We must take action on racism
Do you enjoy walks at your local park? Do you shop in the local corner store? Ever drive through town late at night? How about taking a jog in the neighborhood where a new house is being built? Do you fear these simple activities could risk your well-being?
If you are a person of color, you have most likely answered yes. African American men continue to lose their lives or been threatened because they did these exact activities.
This is a black and white narrative of race tensions in our country that aren’t addressed until one flash-point incident like the violent and tragic death of George Floyd in Minneapolis. The country is simmering in anger and pressure keeps building. But this time can be constructively different, if we all treat this issue and each other differently.
Even in overwhelmingly white New Hampshire, people are marching in peaceful protest. On Saturday, hundreds marched to standup for equitable treatment of all people by our police departments. On Sunday, in bucolic North Conway, more than 200 protested racial violence. People are posting pictures of themselves on social media holding “Black Lives Matter” signs all across our state.
The outrage is justified and timely but what comes next? Don’t just post your picture with a sign of sympathy then turn your back on the work done to make change.
Is a FB post with a picture of George Floyd just the current “trendy thing” until the next flash comes across the news wire or will something happen to change us this time?
Martin Luther King Jr. said, “History will have to record that the greatest tragedy of this period of social transition was not the strident clamor of the bad people, but the appalling silence of the good people.”
If all we do is move on without taking action and do nothing, then we are as guilty as the perpetrators. So let’s take action! How does that happen?
For starters, we make racial violence a totally unacceptably and highly punishable offense. We can work to pass tougher laws that govern misconduct for police in the country, create a police registry for misconduct, mandate reporting of use-of-force incidents, ban racial and religious profiling and require racial bias training.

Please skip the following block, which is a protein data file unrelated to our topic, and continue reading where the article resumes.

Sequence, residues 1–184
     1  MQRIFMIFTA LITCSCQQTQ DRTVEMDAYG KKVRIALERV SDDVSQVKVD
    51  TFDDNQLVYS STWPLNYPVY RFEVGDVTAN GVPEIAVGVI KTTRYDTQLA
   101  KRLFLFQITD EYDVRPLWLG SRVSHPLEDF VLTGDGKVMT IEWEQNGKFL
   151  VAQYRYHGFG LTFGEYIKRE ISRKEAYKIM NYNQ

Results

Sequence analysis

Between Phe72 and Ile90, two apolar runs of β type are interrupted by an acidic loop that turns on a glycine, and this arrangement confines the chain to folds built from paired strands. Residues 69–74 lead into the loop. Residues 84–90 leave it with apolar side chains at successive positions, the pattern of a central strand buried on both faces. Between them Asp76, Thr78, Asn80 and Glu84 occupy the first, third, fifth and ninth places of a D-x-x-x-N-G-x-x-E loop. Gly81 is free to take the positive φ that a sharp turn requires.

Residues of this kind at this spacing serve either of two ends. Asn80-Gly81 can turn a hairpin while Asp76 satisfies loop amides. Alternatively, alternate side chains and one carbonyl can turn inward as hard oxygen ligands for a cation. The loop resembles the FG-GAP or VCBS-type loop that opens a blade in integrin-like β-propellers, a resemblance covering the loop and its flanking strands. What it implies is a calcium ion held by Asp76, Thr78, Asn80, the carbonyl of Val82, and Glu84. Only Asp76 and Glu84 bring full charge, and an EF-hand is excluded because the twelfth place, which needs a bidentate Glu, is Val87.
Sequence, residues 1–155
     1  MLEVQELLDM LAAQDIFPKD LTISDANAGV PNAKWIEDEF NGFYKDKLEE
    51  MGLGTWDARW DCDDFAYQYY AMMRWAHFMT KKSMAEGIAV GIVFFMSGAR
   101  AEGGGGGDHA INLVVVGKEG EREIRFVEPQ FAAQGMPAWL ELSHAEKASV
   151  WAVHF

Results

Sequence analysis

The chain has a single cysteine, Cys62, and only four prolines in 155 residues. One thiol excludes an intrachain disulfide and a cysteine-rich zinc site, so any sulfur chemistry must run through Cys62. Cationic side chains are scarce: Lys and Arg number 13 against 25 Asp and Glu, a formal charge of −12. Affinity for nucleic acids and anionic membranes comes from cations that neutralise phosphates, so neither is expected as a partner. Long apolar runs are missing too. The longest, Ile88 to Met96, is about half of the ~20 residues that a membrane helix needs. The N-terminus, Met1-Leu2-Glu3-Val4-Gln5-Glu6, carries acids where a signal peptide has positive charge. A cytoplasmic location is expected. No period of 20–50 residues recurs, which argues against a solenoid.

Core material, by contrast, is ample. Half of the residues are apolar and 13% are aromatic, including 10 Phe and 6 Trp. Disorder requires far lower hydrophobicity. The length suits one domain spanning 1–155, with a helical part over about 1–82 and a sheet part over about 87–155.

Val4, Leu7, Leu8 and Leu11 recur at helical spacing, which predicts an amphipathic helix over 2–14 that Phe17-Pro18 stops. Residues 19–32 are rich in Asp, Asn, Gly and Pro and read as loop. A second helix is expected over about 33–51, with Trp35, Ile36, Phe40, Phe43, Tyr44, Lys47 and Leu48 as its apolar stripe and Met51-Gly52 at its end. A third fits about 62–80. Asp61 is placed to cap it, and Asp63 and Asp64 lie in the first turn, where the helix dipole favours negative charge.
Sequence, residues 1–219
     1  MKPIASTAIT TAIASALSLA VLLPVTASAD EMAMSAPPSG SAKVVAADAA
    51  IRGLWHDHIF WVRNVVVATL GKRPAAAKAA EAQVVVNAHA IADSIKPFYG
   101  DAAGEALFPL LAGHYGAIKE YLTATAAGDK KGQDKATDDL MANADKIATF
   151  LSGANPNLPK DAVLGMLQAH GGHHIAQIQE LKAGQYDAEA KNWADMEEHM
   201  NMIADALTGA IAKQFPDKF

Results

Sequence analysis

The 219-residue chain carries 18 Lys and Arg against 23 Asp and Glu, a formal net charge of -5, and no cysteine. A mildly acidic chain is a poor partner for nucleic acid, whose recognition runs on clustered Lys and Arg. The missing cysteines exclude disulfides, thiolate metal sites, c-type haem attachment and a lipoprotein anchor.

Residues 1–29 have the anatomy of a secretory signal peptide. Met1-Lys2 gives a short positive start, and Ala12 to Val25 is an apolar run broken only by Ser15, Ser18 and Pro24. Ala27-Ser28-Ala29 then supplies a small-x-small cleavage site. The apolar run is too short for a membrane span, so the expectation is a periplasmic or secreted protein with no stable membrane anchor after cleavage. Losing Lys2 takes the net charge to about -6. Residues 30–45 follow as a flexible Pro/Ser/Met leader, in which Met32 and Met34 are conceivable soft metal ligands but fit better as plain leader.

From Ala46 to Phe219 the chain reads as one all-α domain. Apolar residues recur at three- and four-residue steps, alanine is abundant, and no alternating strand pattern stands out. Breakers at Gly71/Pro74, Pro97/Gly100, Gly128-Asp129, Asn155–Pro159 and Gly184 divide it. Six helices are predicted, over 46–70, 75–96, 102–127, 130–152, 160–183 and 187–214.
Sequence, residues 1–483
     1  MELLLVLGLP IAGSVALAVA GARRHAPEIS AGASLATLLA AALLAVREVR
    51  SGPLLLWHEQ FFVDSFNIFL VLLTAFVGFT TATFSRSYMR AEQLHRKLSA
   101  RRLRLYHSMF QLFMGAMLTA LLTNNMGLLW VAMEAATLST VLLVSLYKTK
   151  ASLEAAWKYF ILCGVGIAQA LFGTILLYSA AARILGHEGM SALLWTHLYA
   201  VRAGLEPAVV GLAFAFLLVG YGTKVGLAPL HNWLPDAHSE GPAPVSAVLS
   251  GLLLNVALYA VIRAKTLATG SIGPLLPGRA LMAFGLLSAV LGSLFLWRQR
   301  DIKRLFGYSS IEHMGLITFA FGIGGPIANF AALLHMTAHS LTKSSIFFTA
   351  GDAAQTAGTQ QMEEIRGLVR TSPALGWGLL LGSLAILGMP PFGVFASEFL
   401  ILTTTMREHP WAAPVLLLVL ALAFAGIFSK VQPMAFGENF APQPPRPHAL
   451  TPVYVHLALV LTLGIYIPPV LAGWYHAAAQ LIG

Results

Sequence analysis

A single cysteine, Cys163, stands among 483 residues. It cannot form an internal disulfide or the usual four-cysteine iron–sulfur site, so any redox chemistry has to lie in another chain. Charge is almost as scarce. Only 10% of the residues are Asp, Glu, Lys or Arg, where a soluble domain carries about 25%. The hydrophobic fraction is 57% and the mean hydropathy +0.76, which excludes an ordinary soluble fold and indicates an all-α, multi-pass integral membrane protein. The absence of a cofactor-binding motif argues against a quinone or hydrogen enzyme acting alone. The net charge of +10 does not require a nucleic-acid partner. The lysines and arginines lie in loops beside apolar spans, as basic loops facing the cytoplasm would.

We can make this issue a constant barometer of who can and should be elected to lead our communities and our nation. We must vote for change to ensure that America will be free for people of all races. It needs to be a priority on the same level as taxes and spending and health care.
Next, we need to have a larger conversation about Racism in America – what is it, where is it, why is it happening today, and how can we stop it or at least begin to address it TOGETHER.
Third, we need to address poverty in America. Each year, the gap between rich and poor gets larger and larger, and the economic equality gap between black and white Americans remains painfully wide. Politicians need to stop just paying lip service to poverty and start passing meaningful legislation to level taxation and wages so that each family has the same chance at prosperity. We have to take a long and honest look at ourselves and answer some tough questions. Why is it that a child of color has a larger chance of going to a school with poorer physical building standards? Why are the building codes not enforced as much in neighborhoods of color? Simple questions driving complicated but necessary dialogue.
None of this is easy, but all of it is needed … now.
U.S. Sen Cory Booker said on Sunday “This is a moment in America that can’t just lead to a momentary outrage. We have to begin to do the concerted things that so many of our great heroes tried to demand. That the conscience of this country remains disturbed and uncomfortable until actual laws are changed that bring more justice to our country,”
From his lips to God’s ears.
Rep. Katherine Rogers represents Concord, Merrimack District no. 28 and Rep. Peter Leishman represents Peterborough, Hillsborough District No. 24.